Elizabeth Vignali and Kami Westhoff
(oak tree to mistletoe)
Mistletoe attaches itself to the branches of a host tree and punctures the bark with its haustoria—specialized roots which penetrate the host’s cell walls and draw water and nutrients from it.
At first I was proud. Your leaves webbed
my branches green against the barren bright of fall.
You were worshipped, as virile as an erection,
hoisted on my shoulders like a hero.
I’d never felt so close to the sky.
The change was slow like the night’s steal
of light from the days of December.
When I drank, your thirst quenched.
When I took a breath, light and air became the food
that throbbed the color into your leaves,
sharpened your barbs, bled bright into the berries
that promised, Disaster.
Trees aren’t known for their ability to heed warning.
We stand still as rock against the whack of an ax.
We offer our skin to flame, ignite ourselves into ash.
We favor the strength of the root over the expanse of the branch.
We wait for something to change us into something else.
At times like these, it’s best to turn inward,
burrow through the rings of memory, settle
in the deep-dark fibers like a childhood tragedy.
Here, I’ve already died, but the message hasn’t yet spread
to the surface. It sits heavy in the wood of the heart,
its message simple as the carvings of first love initials.
The unsolvable equation of you plus me.
(mistletoe to the oak tree)
In your branches cathedrals gather,
twist in fine green tendrils. My clinging
runners curl ahead to scatter
in your bones. It feels holy,
doesn’t it? Let me froth your marrow,
let me lather bells across your body,
let me in. Lovers should be close.
At first—a gleam, a rising spire
as your branches bare
white against the sky, your immaculate palms
lift to the sun. I’ll scour your veins
clean, I’ll lay my flat leaves on you,
I’ll show you there’s nothing to fear.
Release your leaves, dear.
Confide in the sky with salted breath,
invest devotion, pull gravity down
in little deaths. Let’s watch them fall
together. Don’t fret. I have enough
for both of us.
Pretty on the Inside
(female anglerfish to the male)
The male anglerfish is much smaller than the female, and doesn’t develop sexual organs until he finds a female and attaches himself to her. Attachment occurs when he nibbles her skin and releases an enzyme that causes his lips to fuse into her flesh until, ultimately, his body melts into hers.
I can no longer differentiate where my body ends
and yours begins. You were the first who couldn’t resist
my bioluminescent lure, the pheromones that pierced
the water and invaded your brain like an idea.
For a time, I felt your fins' flutter, the pierce and tug
of teeth as my skin and muscle resisted then relented.
I queased as my vessels unraveled and rearranged
to make room for yours. You wear my body like a terrifying costume,
your mouth stuffed with teeth. Even my eyes, which once saw
what I looked at, saw what ours saw.
I get confused some days. Whose thoughts do I think?
Do I eat what you crave?
Do I fuck who you wish to fuck?
You still breathe with your own gills—
is there a just me at the bottom of a breath?
Today, I was found again. His teeth, though no less sharp,
more a tickle than tear. His entry leaves me ravenous, so I eat
something twice my size, worry about the limits of the body.
You’ve been absorbed into the warm slick of my body,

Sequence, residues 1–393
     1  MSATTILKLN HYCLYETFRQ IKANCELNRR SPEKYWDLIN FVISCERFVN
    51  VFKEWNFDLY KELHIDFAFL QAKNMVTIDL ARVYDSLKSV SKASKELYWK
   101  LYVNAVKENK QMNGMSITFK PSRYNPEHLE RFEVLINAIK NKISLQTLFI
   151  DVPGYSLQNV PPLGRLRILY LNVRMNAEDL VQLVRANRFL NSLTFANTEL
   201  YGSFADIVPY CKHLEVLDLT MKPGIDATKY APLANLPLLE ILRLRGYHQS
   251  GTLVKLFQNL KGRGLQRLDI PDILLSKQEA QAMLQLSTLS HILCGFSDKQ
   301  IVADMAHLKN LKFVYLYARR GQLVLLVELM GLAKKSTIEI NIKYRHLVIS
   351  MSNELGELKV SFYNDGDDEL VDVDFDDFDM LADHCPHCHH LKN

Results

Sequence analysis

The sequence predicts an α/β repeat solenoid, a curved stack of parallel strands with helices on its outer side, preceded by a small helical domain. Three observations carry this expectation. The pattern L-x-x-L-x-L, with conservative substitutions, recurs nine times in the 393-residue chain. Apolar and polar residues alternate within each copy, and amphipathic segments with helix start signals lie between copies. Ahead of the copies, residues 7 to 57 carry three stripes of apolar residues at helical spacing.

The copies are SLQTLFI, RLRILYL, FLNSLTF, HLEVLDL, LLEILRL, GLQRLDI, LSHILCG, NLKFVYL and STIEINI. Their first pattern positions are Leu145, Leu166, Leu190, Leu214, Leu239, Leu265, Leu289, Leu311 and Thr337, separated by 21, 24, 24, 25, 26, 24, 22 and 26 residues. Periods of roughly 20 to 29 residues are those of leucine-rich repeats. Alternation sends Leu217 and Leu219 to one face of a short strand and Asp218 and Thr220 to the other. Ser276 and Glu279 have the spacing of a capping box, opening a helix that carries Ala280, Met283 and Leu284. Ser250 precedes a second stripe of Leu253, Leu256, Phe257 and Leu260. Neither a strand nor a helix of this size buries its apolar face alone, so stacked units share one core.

now only gills and testes, stuck like an organ
I've never seen but know is there.
(male anglerfish to the female)
In the ocean depths I found you only
once I’d lost my way.
Like the little fish tangled up in the dark.
Knotted in your grin.
Your lantern shone like a scene
from some deep-sea Christmas card,
a soft gleam illuminating the white
plankton drifting in the cold dark.
You took me in your body like a child
sinks into snow and, writhing, leaves
the impression of an angel.
No angel for me. I left the hollow
of the body that touched you first,
before your belly buckled under the remains
of the lovers who followed.
A Corner To Haunt
(shortfin mako shark to the snubnosed eel)
The snubnosed eel, typically a scavenger, is also an opportunistic parasite that has been found stretched along the backbones of various fish species and even curled within the heart of a shortfin mako shark. The eel simply chews its way into the body of the host and lives within it, feeding on its blood until the host eventually dies.
Your rootless wandering led you to me,
your bloody and burrowing pansophy.
When I think about the ocean’s vastness,
the practice is tenable, if your style
a bit extravagant. Your elbowing
graceless through my gills, your levered entrance
in the crook of my heart. Don’t we all seek
a corner to haunt, some small space to fill?
Unfortunate eel. You caught one who was
already caught, and now you have nowhere
to go. Sharp body branched black in my red.
Your sheer opportunism did you in.
Mistaken plicate mouth devouring
a heart fated for someone else’s feast.
Your Body A Bullet
(snubnosed eel to the shortfin mako shark)
Once I saw you—your body a bullet
through the brain of the ocean—nothing else
would do. I once pleasured myself gill-deep
in the bellies of shad, feasting until
the eggs threatened to burst through the slim straw
of my body. But times had gotten tough—
you found me feeding on the bitter milk
of a cod’s spinal fluid. Your deep-space
eye saw me, a line of slick on its backbone,
and now I fatten in your heart’s lumen,
lick blood from my fingers while you complain
you do all the work, that this wasn’t what
you signed up for when you swam close, teeth bared
gills flared in a What are you waiting for?